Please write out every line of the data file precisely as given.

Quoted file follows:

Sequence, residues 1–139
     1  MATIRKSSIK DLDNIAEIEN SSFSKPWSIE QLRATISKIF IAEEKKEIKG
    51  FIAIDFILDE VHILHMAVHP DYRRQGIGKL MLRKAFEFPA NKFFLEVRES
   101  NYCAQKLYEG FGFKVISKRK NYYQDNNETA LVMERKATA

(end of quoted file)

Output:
Sequence, residues 1–139
     1  MATIRKSSIK DLDNIAEIEN SSFSKPWSIE QLRATISKIF IAEEKKEIKG
    51  FIAIDFILDE VHILHMAVHP DYRRQGIGKL MLRKAFEFPA NKFFLEVRES
   101  NYCAQKLYEG FGFKVISKRK NYYQDNNETA LVMERKATA